For a supporting view, and considering how the US labor data has been "adjusted" since the early 90s upward - the picture is even darker than this data represents see this BusinessWeek blurb: A Lost Decade for Jobs
I would argue that if the government accurately reporting job growth, we'd be very negative (not "flat) in terms of job growth for the past 10 years. But even with the government "adjusting data upward versus pre 1990s" we're flat. Which is not a good situation considering population growth. And let me emphasize again that healthcare and education are considered private when they largely no longer are. If you argue otherwise, ask how the healthcare or education system would look without public tax dollars supporting them.
- Private sector job growth was almost non-existent over the past ten years.
- Between May 1999 and May 2009, employment in the private sector sector only rose by 1.1%, by far the lowest 10-year increase in the post-depression period.
- Over the past 10 years, the private sector has generated roughly 1.1 million additional jobs, or about 100K per year.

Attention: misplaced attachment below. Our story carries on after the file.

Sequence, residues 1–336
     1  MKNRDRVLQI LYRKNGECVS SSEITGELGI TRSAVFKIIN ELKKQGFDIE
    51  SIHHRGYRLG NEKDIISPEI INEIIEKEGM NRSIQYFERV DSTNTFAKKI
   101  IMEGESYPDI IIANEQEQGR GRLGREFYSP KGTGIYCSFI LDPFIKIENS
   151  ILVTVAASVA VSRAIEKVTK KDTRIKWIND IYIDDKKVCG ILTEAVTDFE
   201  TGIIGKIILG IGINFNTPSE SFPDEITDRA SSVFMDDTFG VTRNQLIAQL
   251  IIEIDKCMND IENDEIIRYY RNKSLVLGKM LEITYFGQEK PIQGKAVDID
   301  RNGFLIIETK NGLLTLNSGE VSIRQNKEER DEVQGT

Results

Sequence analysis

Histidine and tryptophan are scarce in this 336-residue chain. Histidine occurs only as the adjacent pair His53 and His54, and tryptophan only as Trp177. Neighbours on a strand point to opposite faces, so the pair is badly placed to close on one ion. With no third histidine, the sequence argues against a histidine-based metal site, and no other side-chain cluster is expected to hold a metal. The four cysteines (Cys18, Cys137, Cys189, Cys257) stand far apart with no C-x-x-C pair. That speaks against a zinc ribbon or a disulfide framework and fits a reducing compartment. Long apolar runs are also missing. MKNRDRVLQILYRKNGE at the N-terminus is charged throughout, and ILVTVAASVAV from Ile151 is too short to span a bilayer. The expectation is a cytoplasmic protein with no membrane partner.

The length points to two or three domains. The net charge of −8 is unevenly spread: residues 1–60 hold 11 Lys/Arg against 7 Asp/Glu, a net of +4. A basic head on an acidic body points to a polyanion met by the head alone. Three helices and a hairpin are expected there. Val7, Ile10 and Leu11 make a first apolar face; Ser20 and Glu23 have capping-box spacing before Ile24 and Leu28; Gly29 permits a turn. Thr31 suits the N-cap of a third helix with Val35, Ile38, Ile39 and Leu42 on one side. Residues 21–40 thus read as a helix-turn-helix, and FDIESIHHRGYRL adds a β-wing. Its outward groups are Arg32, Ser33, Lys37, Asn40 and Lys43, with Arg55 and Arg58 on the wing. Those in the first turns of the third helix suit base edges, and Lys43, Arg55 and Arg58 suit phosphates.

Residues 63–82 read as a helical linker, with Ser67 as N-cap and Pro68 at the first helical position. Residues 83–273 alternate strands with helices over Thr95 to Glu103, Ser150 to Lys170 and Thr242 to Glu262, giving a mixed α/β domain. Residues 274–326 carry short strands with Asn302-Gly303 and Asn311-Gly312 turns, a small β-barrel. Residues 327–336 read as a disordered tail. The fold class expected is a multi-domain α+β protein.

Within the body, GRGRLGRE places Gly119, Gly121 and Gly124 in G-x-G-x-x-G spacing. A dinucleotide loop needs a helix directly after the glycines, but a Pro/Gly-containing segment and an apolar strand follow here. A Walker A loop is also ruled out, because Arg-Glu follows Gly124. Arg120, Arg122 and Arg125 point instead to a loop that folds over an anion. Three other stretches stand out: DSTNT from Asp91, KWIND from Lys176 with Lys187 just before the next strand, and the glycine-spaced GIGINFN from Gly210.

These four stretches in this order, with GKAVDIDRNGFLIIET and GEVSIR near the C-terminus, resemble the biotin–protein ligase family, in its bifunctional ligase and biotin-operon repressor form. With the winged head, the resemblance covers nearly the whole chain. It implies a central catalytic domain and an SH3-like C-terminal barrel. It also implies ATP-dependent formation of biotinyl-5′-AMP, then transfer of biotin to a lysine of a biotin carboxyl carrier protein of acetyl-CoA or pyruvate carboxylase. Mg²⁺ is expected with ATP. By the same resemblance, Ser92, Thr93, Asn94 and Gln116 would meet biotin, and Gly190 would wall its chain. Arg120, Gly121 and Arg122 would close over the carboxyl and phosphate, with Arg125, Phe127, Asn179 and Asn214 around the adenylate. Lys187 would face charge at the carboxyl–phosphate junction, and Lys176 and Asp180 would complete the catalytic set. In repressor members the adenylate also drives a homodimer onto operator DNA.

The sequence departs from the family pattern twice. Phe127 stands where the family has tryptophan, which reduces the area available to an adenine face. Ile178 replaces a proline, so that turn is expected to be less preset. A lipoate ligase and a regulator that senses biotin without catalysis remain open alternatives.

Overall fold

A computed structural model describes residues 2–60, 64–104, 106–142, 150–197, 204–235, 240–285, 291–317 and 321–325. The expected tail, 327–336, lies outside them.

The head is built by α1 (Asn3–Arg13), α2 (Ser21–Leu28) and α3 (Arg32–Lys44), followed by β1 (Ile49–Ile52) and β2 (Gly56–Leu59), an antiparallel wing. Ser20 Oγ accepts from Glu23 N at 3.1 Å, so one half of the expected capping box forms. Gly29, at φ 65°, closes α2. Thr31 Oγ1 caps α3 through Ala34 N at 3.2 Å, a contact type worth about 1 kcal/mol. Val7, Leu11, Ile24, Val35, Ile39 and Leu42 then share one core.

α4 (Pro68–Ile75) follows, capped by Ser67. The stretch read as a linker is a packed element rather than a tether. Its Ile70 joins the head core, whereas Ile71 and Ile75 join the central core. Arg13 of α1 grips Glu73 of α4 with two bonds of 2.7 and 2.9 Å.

Again, have your child strive for a government job ... that's our future. And our recent past... we just won't admit it. What do you see changing in the next 10 years?
Remember that the private sector includes health care, social assistance, and education, all areas which receive a lot of government support.
|Industry||Change, May 1999-2009|
|(thousands of jobs)*|
|Food and drinking places||1567|
|Professional and business services||885|
|Gov except health and ed||843|
|Arts, entertainment, and recreation||188|
|Transportation and warehousing||-43|
|*Gov health and gov educ based on April 2009 estimates|